Spring 2015
    Law No.: LAW7086
    Sched. No.: 115210177

Section 1
Barzun, Charles L.

Administrative Information:
During SIS enrollment, check on SIS for real-time enrollment numbers
Days, Times (Room):MW, 0830-0950 (WB105)
Capacity:44 **This information is current as of 05/27/2015 06:15:04 AM**
Current Enrollment:42 **This information is current as of 05/27/2015 06:15:04 AM**

Course Description:

Unlike most classes in law school, the goal of this course is not to expose students to any particular area of substantive or procedural law. Rather, its goal is to encourage students to think about law in general. Specifically, we will take up such questions as: How do we know if a particular society has a legal system? Must it display some minimum commitment to the rule of law? What is the "rule of law" anyway, and why should we care about it? What are judges doing when they decide cases? Are they discovering answers to the legal questions they confront by looking to the relevant legal materials, or do they instead create new law based on their own values? How do we tell the difference? Finally, in law school students learn to "think like a lawyer," but what does that mean? Is legal reasoning distinct from ordinary reasoning in some important way? We will consider these and other questions by reading selections from some of the most famous and influential works of jurisprudence, past and present, including those of William Blackstone, John Austin, Oliver Wendell Holmes, H. L. A. Hart, and Ronald Dworkin.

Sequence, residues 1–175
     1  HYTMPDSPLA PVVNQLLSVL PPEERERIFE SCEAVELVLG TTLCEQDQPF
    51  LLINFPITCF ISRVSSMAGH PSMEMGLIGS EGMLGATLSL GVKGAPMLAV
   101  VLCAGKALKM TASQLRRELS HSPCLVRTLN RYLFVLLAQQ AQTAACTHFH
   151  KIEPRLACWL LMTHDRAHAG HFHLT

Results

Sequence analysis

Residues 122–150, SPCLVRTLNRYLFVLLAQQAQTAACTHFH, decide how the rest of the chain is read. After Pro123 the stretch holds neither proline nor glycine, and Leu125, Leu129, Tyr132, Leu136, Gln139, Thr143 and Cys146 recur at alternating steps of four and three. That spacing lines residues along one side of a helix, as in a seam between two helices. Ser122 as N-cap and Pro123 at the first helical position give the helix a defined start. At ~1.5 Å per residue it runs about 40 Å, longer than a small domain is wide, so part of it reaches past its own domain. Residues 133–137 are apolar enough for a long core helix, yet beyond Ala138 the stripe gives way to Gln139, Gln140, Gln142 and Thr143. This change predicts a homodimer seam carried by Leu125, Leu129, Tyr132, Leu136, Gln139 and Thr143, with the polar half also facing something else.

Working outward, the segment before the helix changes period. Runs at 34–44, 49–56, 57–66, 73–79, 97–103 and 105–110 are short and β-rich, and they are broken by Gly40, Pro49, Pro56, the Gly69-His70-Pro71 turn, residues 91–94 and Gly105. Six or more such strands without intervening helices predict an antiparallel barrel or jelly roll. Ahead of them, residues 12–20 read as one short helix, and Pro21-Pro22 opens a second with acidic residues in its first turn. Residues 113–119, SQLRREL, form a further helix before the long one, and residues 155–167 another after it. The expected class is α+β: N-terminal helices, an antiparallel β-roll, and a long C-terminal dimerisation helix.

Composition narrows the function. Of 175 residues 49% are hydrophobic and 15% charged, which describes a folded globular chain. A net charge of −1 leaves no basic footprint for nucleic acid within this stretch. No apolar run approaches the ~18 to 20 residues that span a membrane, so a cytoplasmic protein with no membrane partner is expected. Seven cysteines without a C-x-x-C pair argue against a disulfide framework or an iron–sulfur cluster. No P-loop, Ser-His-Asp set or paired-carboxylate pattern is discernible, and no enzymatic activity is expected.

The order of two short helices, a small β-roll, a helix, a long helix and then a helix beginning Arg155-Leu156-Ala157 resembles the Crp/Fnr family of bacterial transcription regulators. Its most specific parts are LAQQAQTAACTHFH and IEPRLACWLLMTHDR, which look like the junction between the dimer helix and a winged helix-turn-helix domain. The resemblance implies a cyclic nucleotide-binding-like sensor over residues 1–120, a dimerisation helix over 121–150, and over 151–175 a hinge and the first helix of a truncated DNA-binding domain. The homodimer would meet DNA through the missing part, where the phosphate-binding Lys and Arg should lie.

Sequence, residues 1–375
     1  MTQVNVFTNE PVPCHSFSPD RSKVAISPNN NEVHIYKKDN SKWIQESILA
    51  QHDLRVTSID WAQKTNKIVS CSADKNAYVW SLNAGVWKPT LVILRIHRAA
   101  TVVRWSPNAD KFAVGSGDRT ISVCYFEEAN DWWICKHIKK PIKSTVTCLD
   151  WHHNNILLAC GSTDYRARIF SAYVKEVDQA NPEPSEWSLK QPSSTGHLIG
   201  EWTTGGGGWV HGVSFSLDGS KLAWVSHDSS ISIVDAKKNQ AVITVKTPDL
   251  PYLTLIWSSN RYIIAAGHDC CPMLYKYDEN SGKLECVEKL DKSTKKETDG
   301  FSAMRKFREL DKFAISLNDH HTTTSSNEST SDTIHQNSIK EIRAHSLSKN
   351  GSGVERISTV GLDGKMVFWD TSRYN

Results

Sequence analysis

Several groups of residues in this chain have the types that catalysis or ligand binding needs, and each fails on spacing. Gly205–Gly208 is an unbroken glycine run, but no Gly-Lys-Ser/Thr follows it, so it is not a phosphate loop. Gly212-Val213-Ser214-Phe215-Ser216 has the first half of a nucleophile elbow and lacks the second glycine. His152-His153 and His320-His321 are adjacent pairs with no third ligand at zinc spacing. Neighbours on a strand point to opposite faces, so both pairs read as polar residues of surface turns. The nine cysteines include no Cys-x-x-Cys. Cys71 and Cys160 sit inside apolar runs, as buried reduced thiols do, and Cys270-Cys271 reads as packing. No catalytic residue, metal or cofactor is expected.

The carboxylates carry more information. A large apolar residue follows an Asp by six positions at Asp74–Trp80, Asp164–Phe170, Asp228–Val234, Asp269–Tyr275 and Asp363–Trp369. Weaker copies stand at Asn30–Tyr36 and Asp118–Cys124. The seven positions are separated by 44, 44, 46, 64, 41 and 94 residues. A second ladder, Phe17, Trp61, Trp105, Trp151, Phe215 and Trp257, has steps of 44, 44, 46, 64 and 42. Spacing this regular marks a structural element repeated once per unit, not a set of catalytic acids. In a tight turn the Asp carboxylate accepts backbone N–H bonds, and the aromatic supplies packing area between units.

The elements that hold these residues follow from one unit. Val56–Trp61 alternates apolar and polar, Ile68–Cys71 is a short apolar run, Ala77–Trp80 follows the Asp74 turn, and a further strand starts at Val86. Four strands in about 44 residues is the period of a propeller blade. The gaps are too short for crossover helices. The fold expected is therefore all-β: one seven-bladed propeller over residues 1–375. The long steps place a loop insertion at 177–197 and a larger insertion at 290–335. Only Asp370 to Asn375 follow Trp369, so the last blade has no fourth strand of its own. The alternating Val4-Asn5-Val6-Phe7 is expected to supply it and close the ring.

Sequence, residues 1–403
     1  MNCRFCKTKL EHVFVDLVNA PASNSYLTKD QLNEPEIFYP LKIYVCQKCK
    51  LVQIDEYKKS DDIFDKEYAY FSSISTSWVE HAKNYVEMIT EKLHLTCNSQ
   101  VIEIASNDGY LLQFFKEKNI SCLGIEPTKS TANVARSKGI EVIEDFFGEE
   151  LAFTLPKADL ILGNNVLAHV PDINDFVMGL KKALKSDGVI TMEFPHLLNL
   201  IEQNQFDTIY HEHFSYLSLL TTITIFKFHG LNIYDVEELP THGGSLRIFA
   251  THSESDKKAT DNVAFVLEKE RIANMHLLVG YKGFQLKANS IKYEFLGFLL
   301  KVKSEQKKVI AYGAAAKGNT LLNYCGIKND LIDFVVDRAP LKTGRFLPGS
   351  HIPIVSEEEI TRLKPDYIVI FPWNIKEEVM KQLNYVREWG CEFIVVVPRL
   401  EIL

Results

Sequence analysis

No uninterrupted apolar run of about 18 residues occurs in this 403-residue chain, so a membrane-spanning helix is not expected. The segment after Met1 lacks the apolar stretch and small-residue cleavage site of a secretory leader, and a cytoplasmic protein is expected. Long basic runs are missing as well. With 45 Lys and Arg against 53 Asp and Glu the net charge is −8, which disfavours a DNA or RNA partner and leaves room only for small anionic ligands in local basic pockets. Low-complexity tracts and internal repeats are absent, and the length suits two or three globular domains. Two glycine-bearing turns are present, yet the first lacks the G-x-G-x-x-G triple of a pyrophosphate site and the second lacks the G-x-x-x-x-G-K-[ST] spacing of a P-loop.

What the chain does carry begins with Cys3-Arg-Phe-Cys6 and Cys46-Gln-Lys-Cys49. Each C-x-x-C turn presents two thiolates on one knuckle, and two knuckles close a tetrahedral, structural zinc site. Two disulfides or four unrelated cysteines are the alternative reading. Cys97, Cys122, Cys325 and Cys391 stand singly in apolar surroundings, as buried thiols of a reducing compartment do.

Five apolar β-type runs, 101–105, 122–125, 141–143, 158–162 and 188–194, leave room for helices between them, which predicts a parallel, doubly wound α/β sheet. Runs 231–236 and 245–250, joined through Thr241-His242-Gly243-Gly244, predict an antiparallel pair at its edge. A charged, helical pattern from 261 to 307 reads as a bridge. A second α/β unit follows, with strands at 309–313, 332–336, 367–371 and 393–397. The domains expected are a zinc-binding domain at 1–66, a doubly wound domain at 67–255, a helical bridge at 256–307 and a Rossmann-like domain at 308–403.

COURSE REQUIREMENT: Three short papers, assigned throughout the semester, totaling about 6300 words